Personally I am very sceptical about the technical ability to implement the purpose of the update. However, the announcement itself and the hype will surely have an impact on webmasters and content creators. If less but better content is generated in the face of this general threat on the Internet, we all stand to gain.

As for the impact of SEO professionals in our sector, it remains to be seen. On the one hand, all those SEOs who have dedicated themselves to positioning niches with automatic websites with black hat techniques and have earned a lot of money, will surely have to correct some of their practices. We would welcome the fact that these SEOs will continue to make niches, but with original and well-worked content, although it is also possible that they will continue to try to outwit the algorithm. We shall see. As for SEOs who, like us, work for client projects and always with White Hat techniques, logic leads me to think that we will benefit a lot. But it is also true that this has also been promised in other algorithm updates, and it didn't happen. What is clear is that in our strategies and planning with projects, the focus will shift from technical SEO (Core web vitals and so on) to SEO strategies focused on content.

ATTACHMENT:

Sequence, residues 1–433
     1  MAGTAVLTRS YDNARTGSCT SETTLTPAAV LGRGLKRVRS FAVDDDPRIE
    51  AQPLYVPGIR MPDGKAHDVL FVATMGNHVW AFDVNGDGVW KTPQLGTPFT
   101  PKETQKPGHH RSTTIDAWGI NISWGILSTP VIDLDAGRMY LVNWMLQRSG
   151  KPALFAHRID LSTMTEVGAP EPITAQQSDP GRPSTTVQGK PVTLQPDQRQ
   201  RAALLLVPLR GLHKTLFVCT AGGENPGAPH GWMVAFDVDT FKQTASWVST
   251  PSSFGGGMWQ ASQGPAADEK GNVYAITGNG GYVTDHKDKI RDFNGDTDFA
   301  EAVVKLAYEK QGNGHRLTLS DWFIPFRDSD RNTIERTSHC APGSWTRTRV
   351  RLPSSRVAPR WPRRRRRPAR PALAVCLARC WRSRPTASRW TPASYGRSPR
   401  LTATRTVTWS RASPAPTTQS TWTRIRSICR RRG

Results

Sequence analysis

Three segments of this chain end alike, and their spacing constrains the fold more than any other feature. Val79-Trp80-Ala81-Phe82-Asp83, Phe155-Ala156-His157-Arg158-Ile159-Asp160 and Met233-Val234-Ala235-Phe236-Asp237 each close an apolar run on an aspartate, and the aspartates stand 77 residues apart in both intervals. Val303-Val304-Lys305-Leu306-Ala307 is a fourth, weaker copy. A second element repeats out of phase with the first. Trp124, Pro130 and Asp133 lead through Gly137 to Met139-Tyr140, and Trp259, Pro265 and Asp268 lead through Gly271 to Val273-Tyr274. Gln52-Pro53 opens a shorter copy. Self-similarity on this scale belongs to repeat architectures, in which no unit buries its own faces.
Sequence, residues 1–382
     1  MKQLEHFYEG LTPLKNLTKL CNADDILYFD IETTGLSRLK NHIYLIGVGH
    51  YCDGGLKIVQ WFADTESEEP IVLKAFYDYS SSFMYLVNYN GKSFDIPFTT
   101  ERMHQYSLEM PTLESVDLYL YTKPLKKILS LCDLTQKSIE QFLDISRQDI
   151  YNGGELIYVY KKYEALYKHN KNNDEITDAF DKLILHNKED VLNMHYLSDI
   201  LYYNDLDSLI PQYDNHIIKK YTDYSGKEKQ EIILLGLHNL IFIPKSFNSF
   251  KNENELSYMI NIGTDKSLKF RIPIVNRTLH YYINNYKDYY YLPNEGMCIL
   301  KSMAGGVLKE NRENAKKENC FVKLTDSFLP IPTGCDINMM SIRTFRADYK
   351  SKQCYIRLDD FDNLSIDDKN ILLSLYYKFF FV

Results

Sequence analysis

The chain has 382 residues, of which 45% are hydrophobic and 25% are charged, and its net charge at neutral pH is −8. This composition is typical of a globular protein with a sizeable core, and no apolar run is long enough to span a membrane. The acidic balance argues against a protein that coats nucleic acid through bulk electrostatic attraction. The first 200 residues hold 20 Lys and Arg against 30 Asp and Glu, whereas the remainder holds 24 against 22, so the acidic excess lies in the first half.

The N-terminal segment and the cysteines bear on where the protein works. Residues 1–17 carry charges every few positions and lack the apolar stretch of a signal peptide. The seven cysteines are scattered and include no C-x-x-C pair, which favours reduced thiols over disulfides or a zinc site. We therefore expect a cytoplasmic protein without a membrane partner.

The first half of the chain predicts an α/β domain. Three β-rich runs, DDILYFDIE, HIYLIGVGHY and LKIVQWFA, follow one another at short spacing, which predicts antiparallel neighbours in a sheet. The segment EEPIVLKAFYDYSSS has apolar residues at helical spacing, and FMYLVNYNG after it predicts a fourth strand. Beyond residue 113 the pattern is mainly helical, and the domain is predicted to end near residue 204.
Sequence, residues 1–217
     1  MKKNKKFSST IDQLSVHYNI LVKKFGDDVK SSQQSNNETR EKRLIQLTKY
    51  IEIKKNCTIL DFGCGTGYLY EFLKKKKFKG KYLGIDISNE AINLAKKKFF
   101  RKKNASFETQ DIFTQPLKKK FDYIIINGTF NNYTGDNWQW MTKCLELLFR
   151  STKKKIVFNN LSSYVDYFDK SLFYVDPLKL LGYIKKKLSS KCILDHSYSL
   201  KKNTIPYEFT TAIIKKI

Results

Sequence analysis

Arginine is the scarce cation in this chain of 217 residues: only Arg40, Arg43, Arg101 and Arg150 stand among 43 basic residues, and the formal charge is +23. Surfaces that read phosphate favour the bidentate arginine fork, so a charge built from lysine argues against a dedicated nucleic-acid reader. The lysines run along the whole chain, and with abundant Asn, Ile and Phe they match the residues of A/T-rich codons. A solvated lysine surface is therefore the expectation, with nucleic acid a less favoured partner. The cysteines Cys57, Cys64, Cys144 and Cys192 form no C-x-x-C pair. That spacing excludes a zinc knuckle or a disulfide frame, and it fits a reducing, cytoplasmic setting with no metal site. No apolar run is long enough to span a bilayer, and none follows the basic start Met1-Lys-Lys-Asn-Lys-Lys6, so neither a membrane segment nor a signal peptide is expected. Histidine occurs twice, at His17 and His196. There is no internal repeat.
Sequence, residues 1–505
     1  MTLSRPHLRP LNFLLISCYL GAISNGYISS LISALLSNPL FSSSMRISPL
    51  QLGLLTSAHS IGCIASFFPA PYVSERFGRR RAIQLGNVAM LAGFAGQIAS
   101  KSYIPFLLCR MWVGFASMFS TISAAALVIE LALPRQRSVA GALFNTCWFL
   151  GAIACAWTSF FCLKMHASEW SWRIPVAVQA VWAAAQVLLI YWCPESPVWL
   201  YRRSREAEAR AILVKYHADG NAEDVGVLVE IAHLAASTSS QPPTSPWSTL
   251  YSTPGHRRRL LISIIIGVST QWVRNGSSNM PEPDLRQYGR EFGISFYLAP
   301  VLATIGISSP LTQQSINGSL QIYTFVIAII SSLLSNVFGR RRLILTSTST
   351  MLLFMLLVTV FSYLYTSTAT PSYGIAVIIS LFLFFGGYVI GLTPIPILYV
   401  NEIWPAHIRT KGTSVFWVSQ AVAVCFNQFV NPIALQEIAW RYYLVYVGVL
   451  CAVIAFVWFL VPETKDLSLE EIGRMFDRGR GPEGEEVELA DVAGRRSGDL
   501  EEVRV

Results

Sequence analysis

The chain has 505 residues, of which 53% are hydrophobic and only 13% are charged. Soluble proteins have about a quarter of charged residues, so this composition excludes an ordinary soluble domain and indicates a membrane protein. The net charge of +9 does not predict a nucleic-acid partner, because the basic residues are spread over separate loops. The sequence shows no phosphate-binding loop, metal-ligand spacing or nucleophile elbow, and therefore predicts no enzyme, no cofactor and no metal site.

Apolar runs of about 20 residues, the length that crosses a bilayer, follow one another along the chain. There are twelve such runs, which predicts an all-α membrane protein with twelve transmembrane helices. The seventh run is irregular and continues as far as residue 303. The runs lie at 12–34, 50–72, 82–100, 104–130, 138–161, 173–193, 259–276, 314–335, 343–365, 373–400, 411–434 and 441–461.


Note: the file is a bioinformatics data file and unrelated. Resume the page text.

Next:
7. Conclusions

This new Helpful Content Update is neither surprising nor isolated. It is part of many years of work by Google engineers to better understand the content of web pages, so that they can be ranked and sorted in an optimal way for the user. It should be understood in conjunction with other updates such as Panda, Penguin, Hummingbird or EAT, among many others.

For all of us who have been working for some time on generating good content and delivering it correctly to Google, we can rest assured that sooner or later the rewards will come. And for the rest of you, we wish you lots of encouragement and luck, as it will become more and more complicated.

We will stay tuned ;)
Bruno Díaz Marketing Manager
About the author
Bruno Díaz — Marketing Manager
Professional with a long career as a communication and digital marketing consultant, specializing in SEO, SEM and web projects. As Marketing Manager of the agency, I coordinate a great team of digital marketing technicians of which I am very proud.